Influenzanet is a system to monitor the activity of influenza-like-illness (ILI) with the aid of volunteers via the internet

http://www.influenzanet.eu/

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Developing the framework for an epidemic forecast infrastructure.
http://www.epiwork.eu/

The Seventh Framework Programme (FP7) bundles all research-related EU initiatives.

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Participating countries and volunteers:

The Netherlands 13915
Belgium 4392
Portugal 1796
Italy 3785
Great Britain 6063
Sweden 0
Germany 153
Austria 303
Switzerland 75
France 6656
Spain 949
Ireland 394
Denmark 0
InfluenzaNet is a system to monitor the activity of influenza-like-illness (ILI) with the aid of volunteers via the internet. It has been operational in The Netherlands and Belgium (since 2003), Portugal (since 2005) and Italy (since 2008), and the current objective is to implement InfluenzaNet in more European countries.

In contrast with the traditional system of sentinel networks of mainly primary care physicians coordinated by the European Influenza Surveillance Scheme (EISS), InfluenzaNet obtains its data directly from the population. This creates a fast and flexible monitoring system whose uniformity allows for direct comparison of ILI rates between countries.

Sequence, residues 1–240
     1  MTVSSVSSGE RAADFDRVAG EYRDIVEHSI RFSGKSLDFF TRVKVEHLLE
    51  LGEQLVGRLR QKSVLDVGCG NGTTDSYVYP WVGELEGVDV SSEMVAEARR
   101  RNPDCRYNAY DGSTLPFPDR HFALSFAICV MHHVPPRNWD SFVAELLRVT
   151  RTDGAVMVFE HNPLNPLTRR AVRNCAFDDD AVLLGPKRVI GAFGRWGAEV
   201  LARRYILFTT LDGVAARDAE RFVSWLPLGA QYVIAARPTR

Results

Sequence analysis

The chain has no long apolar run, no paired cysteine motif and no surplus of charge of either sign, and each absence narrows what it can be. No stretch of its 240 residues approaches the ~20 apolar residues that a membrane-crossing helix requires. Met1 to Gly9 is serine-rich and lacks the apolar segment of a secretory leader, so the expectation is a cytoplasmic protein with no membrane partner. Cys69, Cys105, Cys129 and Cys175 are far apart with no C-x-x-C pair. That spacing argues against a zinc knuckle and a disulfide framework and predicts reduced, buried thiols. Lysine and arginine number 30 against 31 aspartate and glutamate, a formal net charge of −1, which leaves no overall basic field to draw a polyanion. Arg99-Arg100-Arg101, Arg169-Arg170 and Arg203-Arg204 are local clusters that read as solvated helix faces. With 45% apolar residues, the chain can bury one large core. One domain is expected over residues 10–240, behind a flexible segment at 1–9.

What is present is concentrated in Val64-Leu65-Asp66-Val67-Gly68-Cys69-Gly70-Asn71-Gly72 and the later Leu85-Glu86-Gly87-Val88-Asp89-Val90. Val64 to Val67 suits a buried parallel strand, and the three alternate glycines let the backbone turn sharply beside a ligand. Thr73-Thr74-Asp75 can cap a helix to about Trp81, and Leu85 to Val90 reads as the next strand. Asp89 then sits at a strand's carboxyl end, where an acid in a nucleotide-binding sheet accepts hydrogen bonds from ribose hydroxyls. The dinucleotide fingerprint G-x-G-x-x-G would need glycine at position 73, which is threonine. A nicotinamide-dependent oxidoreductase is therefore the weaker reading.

Any resident of a country where InfluenzaNet is implemented can participate by completing an online application form, which contains various medical, geographic and behavioural questions. Participants are reminded weekly to report any symptoms they have experienced since their last visit. The incidence of ILI is determined on the basis of a uniform case definition.

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Gene can make mild influenza a life-threatening disease

Gene can make mild influenza a life-threatening disease

A new finding could help explain why influenza becomes a life-threatening disease for some people but has only mild effects in others. Research led by the Wellcome Trust Sanger Institute has identified for the first time a human gene that influences how we respond to influenza infection.

People who carry a particular variant of the gene IFITM3 are significantly more likely to be hospitalised when they fall ill with influenza than those who carry other variants, the team found. This gene plays a crucial part in protecting the body against infection with influenza, and a rare version of it seems to make people more susceptible to severe forms of the disease. The results are published in the journal 'Nature'.

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March 26, 2012, 2:31 p.m.